The truth about bankruptcy
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If you owe one of your lenders over £750, they could try to make you bankrupt - but that doesn't mean they'll succeed.
If you're worried about the money you owe, you'll be wondering what your lenders are planning to do about it. What if they decide to try and bankrupt you?
Bankruptcy can sound terrifying, but as long as you're making the payments you're supposed to, don't worry: if you've agreed to repay the money over a number of years, your lenders can't just suddenly decide to try and get it all back in one go!
Even if you can't afford those payments, there are other ways to sort things out and repay the money you owe more slowly. You might be surprised to hear it, but your lenders will probably want to help you do that.
And we could help you find a better way out of debt. Our debt solution finder can show you more about your options, or you could call 0800 195 2714 if you want some one-to-one advice over the phone.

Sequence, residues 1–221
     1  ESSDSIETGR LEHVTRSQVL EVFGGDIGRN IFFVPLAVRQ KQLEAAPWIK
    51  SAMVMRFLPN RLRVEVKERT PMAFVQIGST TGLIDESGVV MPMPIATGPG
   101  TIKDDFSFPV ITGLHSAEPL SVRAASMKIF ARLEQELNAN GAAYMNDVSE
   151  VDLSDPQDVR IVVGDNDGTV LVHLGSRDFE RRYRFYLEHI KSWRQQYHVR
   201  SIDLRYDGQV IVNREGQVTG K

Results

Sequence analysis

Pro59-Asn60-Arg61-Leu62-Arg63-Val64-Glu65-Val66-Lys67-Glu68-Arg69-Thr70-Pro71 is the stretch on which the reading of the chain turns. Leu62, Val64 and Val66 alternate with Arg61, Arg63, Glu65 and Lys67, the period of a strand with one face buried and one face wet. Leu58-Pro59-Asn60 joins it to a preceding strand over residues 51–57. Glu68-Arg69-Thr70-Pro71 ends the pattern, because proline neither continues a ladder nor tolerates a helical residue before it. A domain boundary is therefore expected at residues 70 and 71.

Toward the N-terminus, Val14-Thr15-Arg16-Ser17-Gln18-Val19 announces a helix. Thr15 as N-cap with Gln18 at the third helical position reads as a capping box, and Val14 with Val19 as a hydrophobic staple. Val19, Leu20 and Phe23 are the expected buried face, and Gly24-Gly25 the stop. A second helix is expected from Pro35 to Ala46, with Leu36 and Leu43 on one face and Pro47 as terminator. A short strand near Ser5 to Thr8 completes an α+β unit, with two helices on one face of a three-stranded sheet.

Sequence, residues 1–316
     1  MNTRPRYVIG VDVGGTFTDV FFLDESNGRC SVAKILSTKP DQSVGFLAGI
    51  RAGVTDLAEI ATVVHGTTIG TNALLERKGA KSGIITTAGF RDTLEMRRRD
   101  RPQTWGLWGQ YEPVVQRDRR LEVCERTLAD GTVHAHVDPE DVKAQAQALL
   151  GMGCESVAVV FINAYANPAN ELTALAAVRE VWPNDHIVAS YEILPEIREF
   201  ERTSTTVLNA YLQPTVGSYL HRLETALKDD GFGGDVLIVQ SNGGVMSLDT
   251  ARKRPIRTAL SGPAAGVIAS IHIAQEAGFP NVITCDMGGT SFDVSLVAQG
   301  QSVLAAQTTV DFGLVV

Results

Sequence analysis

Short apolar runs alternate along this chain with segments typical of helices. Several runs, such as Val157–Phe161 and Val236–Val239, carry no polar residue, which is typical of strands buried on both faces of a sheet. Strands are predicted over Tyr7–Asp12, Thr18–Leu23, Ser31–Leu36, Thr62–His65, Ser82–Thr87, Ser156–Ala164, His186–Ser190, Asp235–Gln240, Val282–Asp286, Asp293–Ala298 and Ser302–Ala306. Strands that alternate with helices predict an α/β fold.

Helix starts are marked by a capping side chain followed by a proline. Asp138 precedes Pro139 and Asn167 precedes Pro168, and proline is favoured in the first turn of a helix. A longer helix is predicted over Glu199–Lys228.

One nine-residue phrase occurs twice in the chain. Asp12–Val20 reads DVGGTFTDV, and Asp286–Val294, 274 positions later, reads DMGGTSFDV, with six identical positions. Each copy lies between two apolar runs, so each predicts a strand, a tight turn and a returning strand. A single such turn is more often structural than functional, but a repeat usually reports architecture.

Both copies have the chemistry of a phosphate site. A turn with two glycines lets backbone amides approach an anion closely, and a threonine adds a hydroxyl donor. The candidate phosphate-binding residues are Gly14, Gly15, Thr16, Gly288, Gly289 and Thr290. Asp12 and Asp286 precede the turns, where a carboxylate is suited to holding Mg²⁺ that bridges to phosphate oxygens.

So who could make me bankrupt? How would they do that?
If you owe one of your unsecured lenders £750 or more, they could apply to the court to try and make you bankrupt.
But you wouldn't just be declared bankrupt as soon as they did that. The court would arrange a bankruptcy hearing, where the judge would look at their 'petition' - and you'd get the chance to tell them your side of the story.
The judge wouldn't make their mind up until they'd heard from you as well as your lender.
Remember: your lenders don't want to make you bankrupt. It's a 'last resort' for them as well, as they'd have to pay a 'petition deposit' of £700 and a court fee of £220, as well as any solicitor's costs. Plus, it would probably mean they won't get all the money back that you owe them.
Should I think about applying for my own bankruptcy?
If you can, you should always try to avoid bankruptcy - but in some cases, it really could be the best way for you to tackle a serious debt problem.
Finally, remember we're here for you. If you'd like to talk to someone about your money worries, just call us.
by Sarah SymonsBack to blog home